Jun 13: Production Call-out
On Saturday morning, we ran into a problem on one of our 188.8.131.52 Production databases during an Extract, Transform and Load (ETL) batch process.
I was called at 5:15am to look at a job that normally runs in a few minutes but had failed after 30 or 40 minutes when trying to allocate an extent in a TEMP tablespace. Application Support and the Operators were keen for me to add space to the TEMP tablespace so that the job could run through to completion because there were hundreds of dependant jobs still to run. When you're providing on-call Production support there's a balance between getting things moving again and analysing the problem properly. In this case it looked like a simple space problem.
So I added 10Gb to the existing 10Gb TEMP tablespace, we re-ran the job and it fell over again after another 40 minutes (maybe longer). At this point I wanted to analyse the problem properly because it was clear that the job was doing something completely different to previous runs but I was (slightly) over-ruled. We came to an agreement that we would add 20Gb, run it one more time, but that I would check what the job was doing while it was running.
Looking at the execution plan (extracted from V$SQL_PLAN), there was a MERGE JOIN CARTESIAN step in there. Nothing wrong with that per se, but it looked like it was choosing it for a table with an extremely small number of rows - 1. I investigated the stats in DBA_TABLES and it turned out that NUM_ROWS for one of the tables was zero, but a quick count showed that there were over a quarter of a million rows in the table. What had happened was that the ETL process truncates tables before populating them with data. Normally it should run long before the statistics are gathered but it's been running later and later each night and eventually the two jobs were running at the same time. When dbms_stats looked at that table, it happened to be empty. The stats were an accurate reflection of an unusual mid-process state and the optimiser was picking a sensible plan for a tiny table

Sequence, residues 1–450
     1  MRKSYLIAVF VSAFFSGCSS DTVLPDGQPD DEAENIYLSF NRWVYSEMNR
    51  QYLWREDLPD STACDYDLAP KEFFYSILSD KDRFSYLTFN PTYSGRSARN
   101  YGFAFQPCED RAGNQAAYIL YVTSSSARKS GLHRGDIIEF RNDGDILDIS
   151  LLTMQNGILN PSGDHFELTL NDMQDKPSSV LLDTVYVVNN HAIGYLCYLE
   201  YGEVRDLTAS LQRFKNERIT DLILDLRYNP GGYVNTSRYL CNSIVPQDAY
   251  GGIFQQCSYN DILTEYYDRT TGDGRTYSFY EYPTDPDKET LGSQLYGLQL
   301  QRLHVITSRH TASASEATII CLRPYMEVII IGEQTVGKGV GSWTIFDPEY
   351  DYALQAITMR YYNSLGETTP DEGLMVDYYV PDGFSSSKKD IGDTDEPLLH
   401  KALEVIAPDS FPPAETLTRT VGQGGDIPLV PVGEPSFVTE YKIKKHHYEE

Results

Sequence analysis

Looking back, I think this is the most common major problem I've seen with stats at site after site - the optimiser thinking a table has zero rows because the stats have not been generated since the table was populated. It leads to some bizarre execution plans.
I regenerated the stats on that table and the job ran in 3 or 4 minutes without using any temp space to speak of. Of course, the Operations report still described it as a space problem, but I had that modified later.
The proper solution will include
1) Configuring the correct dependencies between the ETL process and the stats collection.
2) Dropping the tempfiles I added (done)
3) Keeping a history of CBO statistics. This wouldn't have prevented the problem happening but would have made it a little easier to diagnose and much easier to fix, by importing yesterday's statistics. I'm in the process of implementing this at work, so will probably blog about that later.
I've been caught out by wrong stats in the past, so many times that I have started to look there first when a job starts failing after a history of working
But stat collection and other housekeeping jobs that float with no dependency on other schedule tasks are a menace – I remember spending an age in the middle of the night tracking an error in a exp to find it caused by another process dropping a table in the middle of an export… don’t ask!
"I've been caught out by wrong stats in the past, so many times that I have started to look there first when a job starts failing after a history of working"
It's not unusual, is it That was one of the reasons I decided to blog about it, in case there was one poor soul out there adding space in large quantities one night who might think back to this. In fairness, I realised after the first space addition that that wasn't the problem, but was under a lot of pressure to add more.
"I remember spending an age in the middle of the night"
And that's the other thing - you're normally not quite awake at first and it's important to stop and be methodical when everyone around you is excited. I actually said that a few times during the incident :- 'Let's stop and *think* for 10 minutes, have a look around and it could save us much more time and pain in the long run.
It worked out well in the end
A little known feature of dbms_stats - all versions - is that if you create a stats table and then do a 'gather_xxx_stats' setting the statid, stattab and statown parameters, the old statistics are automatically saved under that statid.
Obviously the 10g feature of saving stats for 31 days goes one step beyond this, but if all you need is the ability to go back one day in an emergency the old 8i/9i feature leaves you prepared without writing any special code.
Nice one, Jonathan. I confess I didn't know that.
Our plan is to keep at least a week's statistics and we're in the process of implementing that (and no doubt I'll blog about it). I'm sure you'll agree, though, that any method of saving stats is a very useful activity in a complex system because execution plan changes are a nightmare to debug otherwise.